3. Delivery

There is no doubt that Amazon changed ecommerce. And, in many ways, it has changed us as consumers. Amazon has trained consumers to expect anything (okay, almost anything) to be delivered to our doorsteps in two days…or less. As adults, we remember a time when it took over a week to receive a purchase we made from a catalogue. But consumers younger than 15 have never lived in a world without two-day delivery. To put it another way, Millennials have been able to get what they want when they want it for almost two decades.

It is no wonder other industries have modified their delivery systems as well. The food industry has far and away been one of the primary industries to adapt to the need for quicker delivery. While pizza delivery has been around since the 1960s, there are now countless food delivery services that will bring you the food you want when you want it. Grubhub, the largest food-delivery player, was established in 2004 and faces competition from companies like Postmates, DoorDash, and UberEats . Today, you can get McDonald’s delivered to your house before the french fries get cold, which is a feat in itself. You can even have alcohol delivered, which is both convenient and responsible.

Food delivery quickly expanded into grocery delivery. The online purchase of groceries creates endless aisles for buyers and price savings, in addition to convenience. Major grocers like Hy-vee and Walmart were quick to enter the grocery-delivery market. Of course, Target followed suite with Shipt, a same-day delivery service for all Target products. And when Target entered the marketplace, it meant anyone, nearly anywhere, could get nearly anything on the same day they ordered it. There was a reason that Target purchased Shipt for $550 million from Bill Smith, an entrepreneur who stumbled upon the idea of grocery delivery after an agonizing trip to the store with two small children. When Target made this purchase, they knew delivery was the future (6).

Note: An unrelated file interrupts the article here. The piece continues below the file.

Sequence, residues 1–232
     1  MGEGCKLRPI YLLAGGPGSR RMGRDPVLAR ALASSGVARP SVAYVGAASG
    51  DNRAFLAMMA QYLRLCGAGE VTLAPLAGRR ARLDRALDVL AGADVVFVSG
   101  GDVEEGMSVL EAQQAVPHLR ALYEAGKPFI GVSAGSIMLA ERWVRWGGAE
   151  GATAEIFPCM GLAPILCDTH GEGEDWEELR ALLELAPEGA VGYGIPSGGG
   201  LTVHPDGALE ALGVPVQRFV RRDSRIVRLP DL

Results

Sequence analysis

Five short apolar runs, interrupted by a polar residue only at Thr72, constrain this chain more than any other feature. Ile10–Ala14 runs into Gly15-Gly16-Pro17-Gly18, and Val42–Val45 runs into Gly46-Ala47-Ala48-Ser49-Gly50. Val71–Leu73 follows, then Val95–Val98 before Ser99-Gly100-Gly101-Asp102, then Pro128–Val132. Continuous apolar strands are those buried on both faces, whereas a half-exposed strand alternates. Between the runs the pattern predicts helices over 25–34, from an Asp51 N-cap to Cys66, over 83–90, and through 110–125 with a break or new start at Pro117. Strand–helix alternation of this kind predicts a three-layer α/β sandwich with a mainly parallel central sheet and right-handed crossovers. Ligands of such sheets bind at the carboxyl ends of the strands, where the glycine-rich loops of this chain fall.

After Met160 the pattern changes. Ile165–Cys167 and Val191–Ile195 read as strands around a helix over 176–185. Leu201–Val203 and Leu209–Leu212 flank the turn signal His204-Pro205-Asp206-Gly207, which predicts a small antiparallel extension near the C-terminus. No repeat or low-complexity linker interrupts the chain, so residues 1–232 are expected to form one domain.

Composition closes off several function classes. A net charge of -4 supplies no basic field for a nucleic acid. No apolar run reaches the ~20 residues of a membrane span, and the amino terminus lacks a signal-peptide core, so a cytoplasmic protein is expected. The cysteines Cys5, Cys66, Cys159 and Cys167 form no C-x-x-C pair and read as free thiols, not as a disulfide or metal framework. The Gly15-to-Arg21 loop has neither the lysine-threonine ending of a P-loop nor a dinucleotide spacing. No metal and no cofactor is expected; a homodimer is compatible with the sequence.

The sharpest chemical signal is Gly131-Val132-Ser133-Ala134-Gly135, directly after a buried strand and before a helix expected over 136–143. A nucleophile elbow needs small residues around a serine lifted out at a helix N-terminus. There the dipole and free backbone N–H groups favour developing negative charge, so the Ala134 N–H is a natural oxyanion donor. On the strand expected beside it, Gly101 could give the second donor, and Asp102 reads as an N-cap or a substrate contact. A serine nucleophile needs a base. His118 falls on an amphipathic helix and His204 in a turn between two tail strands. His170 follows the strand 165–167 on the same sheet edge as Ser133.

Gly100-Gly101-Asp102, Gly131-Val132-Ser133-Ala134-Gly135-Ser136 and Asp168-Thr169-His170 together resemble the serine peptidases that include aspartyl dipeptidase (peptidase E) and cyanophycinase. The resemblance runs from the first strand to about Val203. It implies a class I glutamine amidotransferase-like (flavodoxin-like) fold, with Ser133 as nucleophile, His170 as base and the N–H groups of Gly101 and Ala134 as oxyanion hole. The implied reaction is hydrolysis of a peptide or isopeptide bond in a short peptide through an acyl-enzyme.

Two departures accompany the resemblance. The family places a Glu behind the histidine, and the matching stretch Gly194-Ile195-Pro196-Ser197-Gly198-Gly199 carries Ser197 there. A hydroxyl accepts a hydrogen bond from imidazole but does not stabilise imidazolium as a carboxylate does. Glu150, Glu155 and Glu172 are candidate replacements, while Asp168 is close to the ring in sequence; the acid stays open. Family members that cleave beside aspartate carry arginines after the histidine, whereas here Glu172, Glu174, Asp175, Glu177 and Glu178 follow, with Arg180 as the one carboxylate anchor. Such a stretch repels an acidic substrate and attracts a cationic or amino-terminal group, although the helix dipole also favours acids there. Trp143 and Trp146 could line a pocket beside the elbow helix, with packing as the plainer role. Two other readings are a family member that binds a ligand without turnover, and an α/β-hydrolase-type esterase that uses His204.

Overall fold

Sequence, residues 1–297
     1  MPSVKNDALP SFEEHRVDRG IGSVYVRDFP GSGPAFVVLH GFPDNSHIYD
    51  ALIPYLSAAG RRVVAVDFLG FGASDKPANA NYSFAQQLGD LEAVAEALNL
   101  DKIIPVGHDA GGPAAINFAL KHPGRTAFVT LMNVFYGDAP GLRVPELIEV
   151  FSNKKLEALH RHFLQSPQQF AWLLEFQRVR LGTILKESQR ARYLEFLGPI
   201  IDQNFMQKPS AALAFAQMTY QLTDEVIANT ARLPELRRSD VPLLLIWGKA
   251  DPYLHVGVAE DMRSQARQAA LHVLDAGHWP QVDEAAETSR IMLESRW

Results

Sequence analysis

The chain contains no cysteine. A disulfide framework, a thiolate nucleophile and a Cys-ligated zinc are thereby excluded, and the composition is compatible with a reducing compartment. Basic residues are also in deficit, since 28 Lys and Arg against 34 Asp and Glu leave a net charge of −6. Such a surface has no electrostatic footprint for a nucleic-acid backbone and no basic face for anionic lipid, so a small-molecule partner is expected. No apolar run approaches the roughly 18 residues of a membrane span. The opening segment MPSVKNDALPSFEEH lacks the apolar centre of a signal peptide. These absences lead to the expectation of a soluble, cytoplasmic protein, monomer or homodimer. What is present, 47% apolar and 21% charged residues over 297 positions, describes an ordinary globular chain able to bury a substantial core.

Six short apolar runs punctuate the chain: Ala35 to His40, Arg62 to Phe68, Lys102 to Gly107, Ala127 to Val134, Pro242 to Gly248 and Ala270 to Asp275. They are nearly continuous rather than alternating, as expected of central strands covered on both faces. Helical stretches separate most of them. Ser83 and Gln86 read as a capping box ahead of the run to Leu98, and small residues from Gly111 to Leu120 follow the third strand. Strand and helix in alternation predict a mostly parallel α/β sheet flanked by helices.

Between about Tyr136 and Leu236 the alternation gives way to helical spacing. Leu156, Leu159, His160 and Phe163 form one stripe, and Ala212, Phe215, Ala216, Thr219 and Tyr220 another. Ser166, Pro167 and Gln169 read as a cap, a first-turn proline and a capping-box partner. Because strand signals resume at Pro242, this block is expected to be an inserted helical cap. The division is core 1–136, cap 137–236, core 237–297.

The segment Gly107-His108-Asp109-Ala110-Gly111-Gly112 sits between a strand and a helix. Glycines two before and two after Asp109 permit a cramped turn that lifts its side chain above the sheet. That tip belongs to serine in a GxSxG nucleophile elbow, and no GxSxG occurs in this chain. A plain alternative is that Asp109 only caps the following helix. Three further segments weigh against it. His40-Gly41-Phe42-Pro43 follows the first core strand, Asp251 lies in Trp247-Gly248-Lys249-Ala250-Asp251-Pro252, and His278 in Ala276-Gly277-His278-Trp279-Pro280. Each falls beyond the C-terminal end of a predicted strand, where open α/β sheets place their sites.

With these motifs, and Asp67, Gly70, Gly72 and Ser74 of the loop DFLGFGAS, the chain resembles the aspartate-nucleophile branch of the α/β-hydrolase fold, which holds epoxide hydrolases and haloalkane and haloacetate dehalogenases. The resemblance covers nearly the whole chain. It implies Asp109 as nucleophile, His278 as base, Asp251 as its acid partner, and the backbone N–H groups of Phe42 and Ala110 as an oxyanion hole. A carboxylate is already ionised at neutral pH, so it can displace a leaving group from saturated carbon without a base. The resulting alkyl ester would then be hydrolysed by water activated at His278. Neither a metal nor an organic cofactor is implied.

4. Feel good-focused goods

When Instagram started getting rid of “likes” in 2019, the social media world was flabbergasted. It was the removal of such a key aspect of the channel—not the reason—that shocked people. The why was easy to understand—help people feel better about themselves. Instagram wasn’t the first brand to notice the importance of these feel good vibes, but they were among the first to take drastic steps to encourage it. Companies must foster positive relationships with users, and Instagram took this to heart. Millennials, more so than any other generation, feel that positive relationships with brands is an important factor in their decision to engage. We have seen companies became more transparent and sustainable in an attempt to align their values with their consumers. Cause marketing has also been a successful tool in reaching Millennials. They are looking for brands that align with their beliefs and give back to causes that are important to them. Cause marketing helps build brand affinity and brand loyalty, which are so important in such a competitive environment.

In 2018, we saw examples of cause-marketing campaigns that were not well executed—take Pepsi vs. Heineken, for example. But 2019 brought new causes and better campaigns. Nike had one of the most successful 2019 cause-marketing campaigns that supported women’s empowerment. These dream ads, narrated by Serena Williams, encourage women to dream big and to dream crazy, because it’s only crazy until you do it. These ads are Nike’s attempt to change the negative stereotype that has been put on women who are ambitious, zealous, or opinionated. The campaign was widely successful with over 11 million video views, 193k retweets, and 450,000 likes in just seven months. This social justice campaign relied on all organic conversations to bring attention to the brand.

While these are just four of the many trends that will transform the CPG industry in 2020, they are the ones that will have a significant impact on how nearly all consumers interact with brands. These changes are ones that we have seen grow over the past year and that we expect to dominate the industry in the coming years. If your brand is trying to stay ahead of the curve and fight growing competition inside this crowded marketplace, MBB can help.